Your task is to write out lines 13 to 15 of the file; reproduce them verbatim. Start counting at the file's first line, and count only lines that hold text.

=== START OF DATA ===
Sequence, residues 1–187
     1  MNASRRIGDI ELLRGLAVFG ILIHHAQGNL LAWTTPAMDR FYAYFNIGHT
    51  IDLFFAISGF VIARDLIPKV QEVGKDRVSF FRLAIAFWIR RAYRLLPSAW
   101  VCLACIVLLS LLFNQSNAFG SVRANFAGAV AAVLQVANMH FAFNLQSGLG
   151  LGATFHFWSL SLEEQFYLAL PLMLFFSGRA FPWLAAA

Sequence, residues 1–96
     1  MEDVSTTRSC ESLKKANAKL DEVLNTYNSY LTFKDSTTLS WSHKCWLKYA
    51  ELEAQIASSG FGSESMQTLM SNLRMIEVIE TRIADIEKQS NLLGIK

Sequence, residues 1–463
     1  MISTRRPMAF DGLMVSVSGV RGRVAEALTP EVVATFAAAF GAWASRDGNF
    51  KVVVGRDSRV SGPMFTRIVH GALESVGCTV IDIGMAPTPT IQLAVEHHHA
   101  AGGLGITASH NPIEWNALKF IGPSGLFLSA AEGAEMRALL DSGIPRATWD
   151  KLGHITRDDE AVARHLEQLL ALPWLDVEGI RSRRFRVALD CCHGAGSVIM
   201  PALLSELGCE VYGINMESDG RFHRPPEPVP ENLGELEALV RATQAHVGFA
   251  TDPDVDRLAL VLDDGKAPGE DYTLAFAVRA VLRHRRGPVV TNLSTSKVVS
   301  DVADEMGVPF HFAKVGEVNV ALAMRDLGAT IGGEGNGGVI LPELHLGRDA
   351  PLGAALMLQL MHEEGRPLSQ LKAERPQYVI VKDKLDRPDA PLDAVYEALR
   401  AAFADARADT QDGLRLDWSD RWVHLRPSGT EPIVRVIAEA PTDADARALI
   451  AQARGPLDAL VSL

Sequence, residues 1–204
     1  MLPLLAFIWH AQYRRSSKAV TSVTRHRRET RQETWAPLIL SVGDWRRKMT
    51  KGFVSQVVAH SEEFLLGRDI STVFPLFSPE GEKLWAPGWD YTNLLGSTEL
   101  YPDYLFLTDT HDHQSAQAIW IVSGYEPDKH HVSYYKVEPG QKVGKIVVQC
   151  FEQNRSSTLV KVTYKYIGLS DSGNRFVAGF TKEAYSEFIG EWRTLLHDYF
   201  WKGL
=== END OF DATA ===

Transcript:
   151  KLGHITRDDE AVARHLEQLL ALPWLDVEGI RSRRFRVALD CCHGAGSVIM
   201  PALLSELGCE VYGINMESDG RFHRPPEPVP ENLGELEALV RATQAHVGFA
   251  TDPDVDRLAL VLDDGKAPGE DYTLAFAVRA VLRHRRGPVV TNLSTSKVVS